"In this world nothing can be said to be certain, except death and taxes."
For business owners, Benjamin Franklin could have easily added "hiring a lawyer" given that, at some point, most companies will need some legal services.
Even though they are a part of the business landscape, hiring a lawyer can be intimidating because they don't come cheap and they're usually needed when something goes wrong. But hiring a lawyer also plays a key role in determining whether a business is successful.
Rob Hyndman, who leads Hyndman Law in Toronto, says having at least one conversation with a good business lawyer is an important first step in launching a business. "There are a variety of pitfalls your lawyer can help you avoid, and a few precautions at the outset can help you avoid serious difficulties later on."
Mr. Hyndman says finding the right lawyer does not need to be a difficult or a painful exercise. The most important consideration, he says, is finding someone who shares your values and provides the level of service required for your business. He recommends that you do an in-depth initial interview to talk about the lawyer's experience, his or her approach to your legal needs, and, of course, the fee structure.
"Lawyers often specialize in particular areas of business, so asking people in your industry for referral recommendations is often the best way to focus on well-regarded people who know your business," he says.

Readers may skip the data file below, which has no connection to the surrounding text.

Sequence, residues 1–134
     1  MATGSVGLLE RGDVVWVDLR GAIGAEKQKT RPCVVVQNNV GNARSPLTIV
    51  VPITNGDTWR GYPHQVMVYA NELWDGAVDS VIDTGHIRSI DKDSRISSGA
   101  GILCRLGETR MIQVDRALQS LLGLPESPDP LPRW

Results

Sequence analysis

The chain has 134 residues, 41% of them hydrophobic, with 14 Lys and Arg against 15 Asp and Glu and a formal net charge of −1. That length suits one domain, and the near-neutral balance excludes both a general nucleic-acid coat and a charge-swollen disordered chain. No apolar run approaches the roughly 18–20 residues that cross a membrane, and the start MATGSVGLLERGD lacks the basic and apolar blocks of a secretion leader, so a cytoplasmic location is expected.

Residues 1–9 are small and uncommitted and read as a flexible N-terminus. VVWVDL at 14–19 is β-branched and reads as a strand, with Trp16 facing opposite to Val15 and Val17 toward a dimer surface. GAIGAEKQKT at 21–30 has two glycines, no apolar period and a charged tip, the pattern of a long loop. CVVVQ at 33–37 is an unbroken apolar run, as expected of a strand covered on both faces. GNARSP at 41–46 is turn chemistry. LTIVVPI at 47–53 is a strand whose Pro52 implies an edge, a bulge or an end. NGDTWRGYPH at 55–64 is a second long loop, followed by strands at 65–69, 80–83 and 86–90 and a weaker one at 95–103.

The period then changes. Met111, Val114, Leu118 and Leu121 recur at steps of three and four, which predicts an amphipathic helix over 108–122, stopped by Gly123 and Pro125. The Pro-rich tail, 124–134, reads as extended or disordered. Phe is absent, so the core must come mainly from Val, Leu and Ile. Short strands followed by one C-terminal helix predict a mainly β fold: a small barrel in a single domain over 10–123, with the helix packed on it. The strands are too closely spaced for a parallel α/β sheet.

Among the things a lawyer can provide, Mr. Hyndman says, is advice on personal tax planning, given the ownership structure of a business can have a major effect on after-tax results. Having the right business structure, he says, is important because tax liability issues, for example, often lead entrepreneurs to favour one type of business structure - a limited partnership - rather than incorporation.
Special to the Globe and Mail
Mark Evans is a principal with ME Consulting, which offers strategic and tactical marketing, communications and social media services to start-ups, as well as larger companies. Mark has worked with three start-ups - Blanketware , b5Media and PlanetEye - so he understand how they operate and what they need to do to be successful. He was a tech reporter for more than a decade with The Globe & Mail, Bloomberg News and the Financial Post. Mark is also one of the co-organizers of the mesh, meshUniversity and meshmarketing conferences.Report Typo/Error
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